Tuesday, September 28, 2010

My Diabetic Pre-existence

I usually try to keep the family blog away from politics or culture or other things that might estrange our friends, but sometimes politics and culture walk up and slap our family in the face.
As some of you may recall, I lost my job couple months ago. At that time, I also lost my family's health insurance. It didn't take me too terribly long to find another job with benefits.
Well, I went to my endocrinologist a couple weeks ago for a check-up regarding my type I diabetes, a condition I've had since childhood. I submitted all my new insurance information and paid my $35 co-pay. Yesterday, I got a letter from FMH CoreSource (my benefits company) stating that my health care plan contains a pre-existing conditions clause, and if I don't provide proof that my gap in coverage was less than 63 days, my claim will be denied.
Fortunately, I don't think my gap in coverage was more than 63 days. What really kills me is that CoreSource and Lifetime Benefits (my old insurance) are BOTH subsidiaries of Aetna. So even though I've been funneling quite a few bucks to them out of my paycheck over the last 3 years, they try to deny coverage at the first opportunity.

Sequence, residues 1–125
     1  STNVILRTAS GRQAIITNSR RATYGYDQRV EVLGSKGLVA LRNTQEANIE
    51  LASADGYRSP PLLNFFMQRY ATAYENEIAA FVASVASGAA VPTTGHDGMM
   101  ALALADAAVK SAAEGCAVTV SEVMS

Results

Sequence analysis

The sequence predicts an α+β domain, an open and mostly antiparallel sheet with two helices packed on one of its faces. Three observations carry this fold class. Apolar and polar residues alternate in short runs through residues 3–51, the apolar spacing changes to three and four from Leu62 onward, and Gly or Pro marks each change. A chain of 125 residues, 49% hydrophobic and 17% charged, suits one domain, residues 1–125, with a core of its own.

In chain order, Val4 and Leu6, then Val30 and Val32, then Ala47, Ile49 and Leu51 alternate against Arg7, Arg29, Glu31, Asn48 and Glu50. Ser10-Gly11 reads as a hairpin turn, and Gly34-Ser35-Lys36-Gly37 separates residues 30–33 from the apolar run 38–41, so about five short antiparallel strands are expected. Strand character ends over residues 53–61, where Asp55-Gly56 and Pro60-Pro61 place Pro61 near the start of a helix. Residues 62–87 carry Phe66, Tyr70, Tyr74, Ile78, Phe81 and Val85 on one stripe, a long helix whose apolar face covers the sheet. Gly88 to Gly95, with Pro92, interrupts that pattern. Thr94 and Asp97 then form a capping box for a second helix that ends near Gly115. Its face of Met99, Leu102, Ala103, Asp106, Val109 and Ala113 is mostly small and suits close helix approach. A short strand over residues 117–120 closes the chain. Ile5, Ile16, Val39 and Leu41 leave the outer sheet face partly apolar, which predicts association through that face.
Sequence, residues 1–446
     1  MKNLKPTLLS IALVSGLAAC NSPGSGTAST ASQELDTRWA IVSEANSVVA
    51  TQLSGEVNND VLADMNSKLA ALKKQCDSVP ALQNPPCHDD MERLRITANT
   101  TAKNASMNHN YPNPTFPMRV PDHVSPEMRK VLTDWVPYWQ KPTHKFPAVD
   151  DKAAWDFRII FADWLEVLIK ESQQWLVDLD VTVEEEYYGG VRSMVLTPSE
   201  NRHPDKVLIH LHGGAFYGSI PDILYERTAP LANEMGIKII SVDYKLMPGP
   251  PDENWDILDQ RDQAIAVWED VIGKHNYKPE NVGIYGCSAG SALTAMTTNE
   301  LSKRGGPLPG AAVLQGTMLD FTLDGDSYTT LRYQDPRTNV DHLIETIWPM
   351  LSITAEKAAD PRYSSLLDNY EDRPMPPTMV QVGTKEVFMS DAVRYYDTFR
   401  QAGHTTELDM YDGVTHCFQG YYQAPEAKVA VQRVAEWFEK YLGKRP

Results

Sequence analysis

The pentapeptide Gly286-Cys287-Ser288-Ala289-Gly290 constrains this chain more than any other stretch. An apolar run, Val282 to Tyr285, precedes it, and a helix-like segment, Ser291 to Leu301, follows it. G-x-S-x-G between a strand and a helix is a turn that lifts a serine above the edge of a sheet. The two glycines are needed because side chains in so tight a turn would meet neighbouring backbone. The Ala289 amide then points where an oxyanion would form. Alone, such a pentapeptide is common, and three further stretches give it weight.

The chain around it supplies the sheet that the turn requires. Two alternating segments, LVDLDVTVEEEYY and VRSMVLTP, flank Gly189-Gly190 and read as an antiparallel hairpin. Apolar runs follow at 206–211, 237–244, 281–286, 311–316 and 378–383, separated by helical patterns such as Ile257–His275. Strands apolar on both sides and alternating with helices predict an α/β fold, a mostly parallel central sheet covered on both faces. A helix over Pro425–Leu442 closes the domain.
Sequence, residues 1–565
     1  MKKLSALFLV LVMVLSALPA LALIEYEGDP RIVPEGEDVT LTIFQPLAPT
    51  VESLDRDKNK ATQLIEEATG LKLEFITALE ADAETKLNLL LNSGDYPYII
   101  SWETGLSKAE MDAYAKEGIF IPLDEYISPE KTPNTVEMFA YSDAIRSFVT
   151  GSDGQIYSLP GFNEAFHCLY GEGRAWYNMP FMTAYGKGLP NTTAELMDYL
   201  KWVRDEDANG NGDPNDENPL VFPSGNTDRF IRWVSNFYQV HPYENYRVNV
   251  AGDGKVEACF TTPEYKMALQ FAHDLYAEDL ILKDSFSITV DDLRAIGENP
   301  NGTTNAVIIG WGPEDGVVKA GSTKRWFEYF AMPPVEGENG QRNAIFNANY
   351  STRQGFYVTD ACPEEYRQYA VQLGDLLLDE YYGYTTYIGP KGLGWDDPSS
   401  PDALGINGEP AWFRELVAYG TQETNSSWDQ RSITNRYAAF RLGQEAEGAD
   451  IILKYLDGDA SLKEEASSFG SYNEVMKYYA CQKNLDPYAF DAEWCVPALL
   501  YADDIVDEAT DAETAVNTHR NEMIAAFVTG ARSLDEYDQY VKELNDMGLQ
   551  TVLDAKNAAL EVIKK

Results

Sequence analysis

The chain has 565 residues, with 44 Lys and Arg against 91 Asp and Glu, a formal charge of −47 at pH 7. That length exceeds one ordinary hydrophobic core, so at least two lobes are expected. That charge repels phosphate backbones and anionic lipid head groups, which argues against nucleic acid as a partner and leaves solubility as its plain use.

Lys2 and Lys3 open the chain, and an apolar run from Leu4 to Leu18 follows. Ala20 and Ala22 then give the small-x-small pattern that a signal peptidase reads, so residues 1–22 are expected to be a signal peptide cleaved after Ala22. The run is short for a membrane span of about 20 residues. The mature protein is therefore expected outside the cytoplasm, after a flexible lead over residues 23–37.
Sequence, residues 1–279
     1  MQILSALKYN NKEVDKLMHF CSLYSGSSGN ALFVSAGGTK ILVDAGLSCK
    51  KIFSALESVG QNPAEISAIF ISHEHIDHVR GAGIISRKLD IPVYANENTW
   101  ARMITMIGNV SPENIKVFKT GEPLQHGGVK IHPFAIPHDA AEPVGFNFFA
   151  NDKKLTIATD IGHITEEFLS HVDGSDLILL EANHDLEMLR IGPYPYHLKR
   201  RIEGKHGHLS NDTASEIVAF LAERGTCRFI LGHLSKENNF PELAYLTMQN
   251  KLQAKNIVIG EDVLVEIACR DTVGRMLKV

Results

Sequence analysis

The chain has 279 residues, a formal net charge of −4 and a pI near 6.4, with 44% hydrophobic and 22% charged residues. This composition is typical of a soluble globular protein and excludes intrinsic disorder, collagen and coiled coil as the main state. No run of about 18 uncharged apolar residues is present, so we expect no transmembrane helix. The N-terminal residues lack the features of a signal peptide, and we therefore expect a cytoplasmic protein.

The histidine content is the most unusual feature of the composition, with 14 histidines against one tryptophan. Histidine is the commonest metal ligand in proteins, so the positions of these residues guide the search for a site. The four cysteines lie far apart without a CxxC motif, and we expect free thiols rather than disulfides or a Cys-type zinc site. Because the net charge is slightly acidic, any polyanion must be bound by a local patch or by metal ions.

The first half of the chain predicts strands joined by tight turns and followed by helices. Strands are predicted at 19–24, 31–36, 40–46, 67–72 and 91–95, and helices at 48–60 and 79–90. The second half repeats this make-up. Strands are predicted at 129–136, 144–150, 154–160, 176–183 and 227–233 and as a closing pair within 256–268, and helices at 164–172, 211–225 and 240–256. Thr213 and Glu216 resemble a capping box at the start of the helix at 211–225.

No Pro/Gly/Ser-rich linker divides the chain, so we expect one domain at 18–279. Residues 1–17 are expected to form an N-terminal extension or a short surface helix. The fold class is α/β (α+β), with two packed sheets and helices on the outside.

I asked the gal at CoreSource when the new laws would go into effect that made this kind of thing illegal. She said, "Oh, we won't have to worry about that for a couple more years."
Now, I know that a majority of our friends would place themselves in the reddish region of the political spectrum, and some of them have even done some marching and holding signs as they express themselves. To them, I would say this:
Before you start picketing in support of some of these guys that are promising to repeal the health care reform bill, please just ask those guys which part of the bill is the part that needs to go. I certainly don't understand everything in that legislation, but I know that it's designed to make it more difficult for insurance companies to screw over a middle-class, diabetic dad who is trying to stay alive with his pre-existing conditions while he supports a family of five (By the way, even though I'm still with Aetna, my deductible started over, so I got to pay almost $200 for a 3-month supply of insulin and testing supplies).
If the Republicans want to get into power and make their own improvements, great. Tort reform? Fantastic. Go for it. Interstate insurance commerce? Fabulous. But don't take a giant step backwards just so you can say you were the only ones who made a difference. That's stupid.
That's all.


Anonymous said...

My father's insurance also tried to drop him from their plan after our kidney transplant because they claimed he knew his kidneys were going to stop working. And then they tried to stop covering me because I forgot to get a referral to the surgeon taking my kidney away. I feel your pain, Jon.
(It's Dayna, just cause my username always shows up weird when I comment on things.)

Anonymous said...

I appreciate you sharing your experience. Something needs to be done about our current system and sadly many people don't see that until they find themselves in a situation like yours. After working as an insurance coordinator for the U of U Hospital I will never look at health insurance the same way again.